Winter is on the way, and with it the onset of colds, flu and plenty of other unpleasant bugs that can knock you off your feet for days at a time. There are other, less well-known health problems that can be caused by the cold weather though, and one of these is hearing damage. Hearing loss is often a natural consequence of ageing, but why help it along?
If you want to be able to enjoy the chatter and music at Christmas and New Year parties then take care to protect your ears, and your hearing aid if you wear one, by taking on board the following advice…
Keep your hearing aid dry
Hearing aids can be damaged by moisture build-up, which is often caused when wearers move from very cold temperatures into very warm ones. You can buy special drying kits, or airballs, to use on your device, from hearing experts such as HH. Don’t use a hair dryer though, they’re not suitable. Wiping the battery compartment of the hearing aid down with a dry, clean cloth can get rid of any harmful condensation.
Also, remember that after showering, your ear canals will take longer to dry than in the summer months, so leave it a bit longer before putting your hearing aids back in. Don’t leave hearing aids anywhere they could be affected by wintery draughts such as by open windows, and take a spare pair of batteries out with you in case you have any problems, but keep them under your coat so they stay at the right temperature.
There are now leaves scattered all over the ground, and if you want to keep your garden tidy you may be using a leaf blower to move them into piles. The noise levels of some equipment can exceed what’s safe, so wear a set of ear protectors. The same is true of course if you’re near any loud machinery, or other environments that are very noisy, for a prolonged period of time.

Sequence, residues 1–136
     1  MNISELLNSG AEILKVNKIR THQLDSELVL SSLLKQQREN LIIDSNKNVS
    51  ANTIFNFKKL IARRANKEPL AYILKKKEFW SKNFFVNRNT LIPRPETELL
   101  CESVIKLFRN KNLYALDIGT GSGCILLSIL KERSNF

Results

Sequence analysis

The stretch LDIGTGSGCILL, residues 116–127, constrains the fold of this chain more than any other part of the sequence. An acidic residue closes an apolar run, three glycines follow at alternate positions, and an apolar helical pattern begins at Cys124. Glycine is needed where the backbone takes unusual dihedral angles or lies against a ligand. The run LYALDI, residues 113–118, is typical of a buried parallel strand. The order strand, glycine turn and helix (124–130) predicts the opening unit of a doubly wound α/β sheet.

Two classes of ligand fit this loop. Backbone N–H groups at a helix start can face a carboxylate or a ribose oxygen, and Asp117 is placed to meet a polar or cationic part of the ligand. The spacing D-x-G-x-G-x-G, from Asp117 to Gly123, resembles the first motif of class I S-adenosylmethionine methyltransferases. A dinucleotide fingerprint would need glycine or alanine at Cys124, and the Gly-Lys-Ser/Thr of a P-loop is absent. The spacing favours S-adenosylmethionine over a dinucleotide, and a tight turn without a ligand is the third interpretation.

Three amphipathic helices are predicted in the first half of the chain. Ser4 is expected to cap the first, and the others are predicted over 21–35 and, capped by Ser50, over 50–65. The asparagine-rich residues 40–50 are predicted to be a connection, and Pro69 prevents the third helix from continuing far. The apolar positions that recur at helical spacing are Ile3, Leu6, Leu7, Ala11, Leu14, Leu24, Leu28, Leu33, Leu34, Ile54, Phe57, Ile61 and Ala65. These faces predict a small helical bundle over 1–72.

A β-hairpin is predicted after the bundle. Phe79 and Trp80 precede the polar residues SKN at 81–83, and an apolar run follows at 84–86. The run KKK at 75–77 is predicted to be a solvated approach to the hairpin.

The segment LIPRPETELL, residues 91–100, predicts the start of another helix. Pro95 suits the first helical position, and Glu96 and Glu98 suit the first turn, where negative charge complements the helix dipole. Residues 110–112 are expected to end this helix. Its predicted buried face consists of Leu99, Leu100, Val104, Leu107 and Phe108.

The colder the weather the harder it is for blood to circulate in your ears, making infections more likely. This is especially the case if you’re suffering from, or just over, a cold. So don’t neglect your ears when wrapping up warm. A set of earmuffs, a woolly hat, or just an insulated hood on your coat, can all help keep infection at bay.
Watch your step
Something many people perhaps don’t realise is that hearing problems can upset your sense of balance, making it easier to slip and fall. Combined with icy pavements or wet leaves, this is a recipe for disaster, so if you’re feeling a bit wobbly on your feet try to minimise the amount you need to go outside until you feel better, and walk slowly and carefully when you do.
Changes in air pressure when you take a flight can cause discomfort and pain in your ears, and this is exacerbated if you have sinus trouble. Sucking on a boiled sweet or chewing a piece of gum during takeoff and landing helps, so do try to stay awake at the start and end of a flight. If you know you have a flight soon, perhaps you’re going away for Christmas, take steps to avoid colds in the days beforehand.
Some foods are proven to help counter the causes and effects of hearing loss. These include oily fish such as tuna and salmon, fresh fruit and vegetables such as bananas, oranges, spinach, broccoli, beans and asparagus. And at Christmas, remember that certain foods likely to be passed around can help with your hearing, including dark chocolate (zinc) and nuts (folic acid).
Thanks to Hidden Hearing for supplying this post. For details of how I work with brands, see my Work With Me page. Image of ear: Shutterstock.